Enter Daniel Greenstein
The incoming chancellor of Pennsylvania’s State System of Higher Education says colleges and universities must be judged by their outcomes.
Well, get out of town! That no-brainer piece of wisdom came four years ago from Daniel Greenstein in an op-ed in U.S. News & World Report. And by that standard – which some public educators sadly might certainly find novel – Greenstein has his work cut out for himself.
The State System this week named the former director of the Bill and Melinda Gates Foundation’s Post-Secondary Success Strategy to lead the system’s 14 universities. Prior that, he was a senior administrator in the University of California System.
Greenstein will start work Sept. 4 and be paid $380,000.
That’s a pretty hefty payday for a system whose advocates regularly complain is being shortchanged by taxpayers – and for a fella, as the Post-Gazette notes, who never has overseen a university system or campus.
The newspaper also reminds that the State System chancellor is the highest paid official in Pennsylvania state government.
And that same op-ed raises at least one red flag as to what Greenstein might bring to the State System. To wit, one of his cautions to those in higher education is to be “beware of unintended consequences.”
What’s wrong with that? Read on.
“State and federal data and accountability measures must not create incentives that end up impeding, not accelerating, success for more students.”
- So far, so good – still. But, wait for it …
“For example,” Greenstein wrote in July 2014, “more than half of states are implementing or considering so-called outcomes-based funding that rewards colleges for improved graduation rates. When this does not take into account the kinds of students enrolled, these policies can drive greater selectivity and exacerbate the already yawning achievement gap between rich and poor.”
But the flip side of this coin is, as State System data show – and as repeatedly documented by the Allegheny Institute for Public Policy (currently in Special Policy Brief Vol. 18, No. 20) – that lack of selectivity also can have unintended consequences.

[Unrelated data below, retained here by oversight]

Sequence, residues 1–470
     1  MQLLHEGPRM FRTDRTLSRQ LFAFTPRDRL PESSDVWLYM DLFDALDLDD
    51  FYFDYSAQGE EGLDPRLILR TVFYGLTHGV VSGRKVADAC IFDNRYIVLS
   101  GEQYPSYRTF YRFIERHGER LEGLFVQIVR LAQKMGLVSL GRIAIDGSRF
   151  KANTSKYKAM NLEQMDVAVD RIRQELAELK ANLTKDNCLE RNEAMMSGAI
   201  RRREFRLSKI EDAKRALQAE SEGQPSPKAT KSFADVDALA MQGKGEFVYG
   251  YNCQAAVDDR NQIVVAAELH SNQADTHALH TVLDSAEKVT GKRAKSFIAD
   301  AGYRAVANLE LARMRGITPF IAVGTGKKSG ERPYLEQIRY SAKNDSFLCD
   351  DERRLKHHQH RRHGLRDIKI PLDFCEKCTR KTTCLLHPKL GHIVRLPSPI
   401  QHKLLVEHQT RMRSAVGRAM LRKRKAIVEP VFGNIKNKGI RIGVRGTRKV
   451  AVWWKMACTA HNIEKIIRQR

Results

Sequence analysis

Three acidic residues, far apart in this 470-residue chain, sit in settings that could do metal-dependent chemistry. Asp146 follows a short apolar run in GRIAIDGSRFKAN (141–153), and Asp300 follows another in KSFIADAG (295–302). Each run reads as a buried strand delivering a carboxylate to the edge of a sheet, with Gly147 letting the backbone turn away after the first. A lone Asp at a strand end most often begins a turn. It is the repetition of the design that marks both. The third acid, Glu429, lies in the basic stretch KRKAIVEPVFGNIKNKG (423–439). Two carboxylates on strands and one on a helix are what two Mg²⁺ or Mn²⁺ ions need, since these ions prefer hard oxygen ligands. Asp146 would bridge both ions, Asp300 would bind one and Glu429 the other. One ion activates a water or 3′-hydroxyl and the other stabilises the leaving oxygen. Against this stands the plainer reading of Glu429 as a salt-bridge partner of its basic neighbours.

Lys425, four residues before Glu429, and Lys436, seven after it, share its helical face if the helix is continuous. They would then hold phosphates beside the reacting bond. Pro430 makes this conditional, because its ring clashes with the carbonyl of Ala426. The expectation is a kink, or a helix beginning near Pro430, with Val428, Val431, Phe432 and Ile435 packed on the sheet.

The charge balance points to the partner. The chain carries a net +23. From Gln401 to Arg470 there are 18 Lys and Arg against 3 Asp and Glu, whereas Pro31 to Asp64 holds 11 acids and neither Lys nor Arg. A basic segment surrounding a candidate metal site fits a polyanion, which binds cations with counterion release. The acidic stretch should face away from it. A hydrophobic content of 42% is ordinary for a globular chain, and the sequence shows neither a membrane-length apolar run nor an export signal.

Namely, those would be lower entrance requirements that admit students without the academic wherewithal to succeed in college-level studies.
That, in turn, leads to poor retention rates and, thus, lower graduation rates.
Or, perhaps, it leads to less academic rigor to boost graduation rates.
Either way, that kind of climate serves neither students nor taxpayers.
That said, and to be fair, Greenstein also offered this in the same op-ed:
“Higher education leaders know they cannot ignore growing demands from policymakers, employers and families who want to know if students are getting a good return on investment. Public confidence in the value of higher education needs to be rebuilt and better information, measurement and transparency is an important step.”
Indeed, it is. And as Allegheny Institute President Jake Haulk often has said, part of that process involves loosening the stranglehold that organized labor has had and, sans, state legislative action, will continue to have on State System faculty.
That means revoking their right to strike and, if faculty layoffs are required, doing so not based on seniority but on performance, he stresses.
Whether Daniel Greenstein is, as one elected official put it, “jumping on the Titanic right before it goes down, or, as State System Board of Governors Chairwoman Cynthia Shapira put it, is a game-changing “bold and historic statement” for the future best serving the needs of students and the commonwealth, remains to be seen.
But what clearly can be seen now is that things must change at the State System. For unchanged, the only thing served will be ignorance and failure.
Colin McNickle is a senior fellow and media specialist at the Allegheny Institute for Public Policy (email@example.com).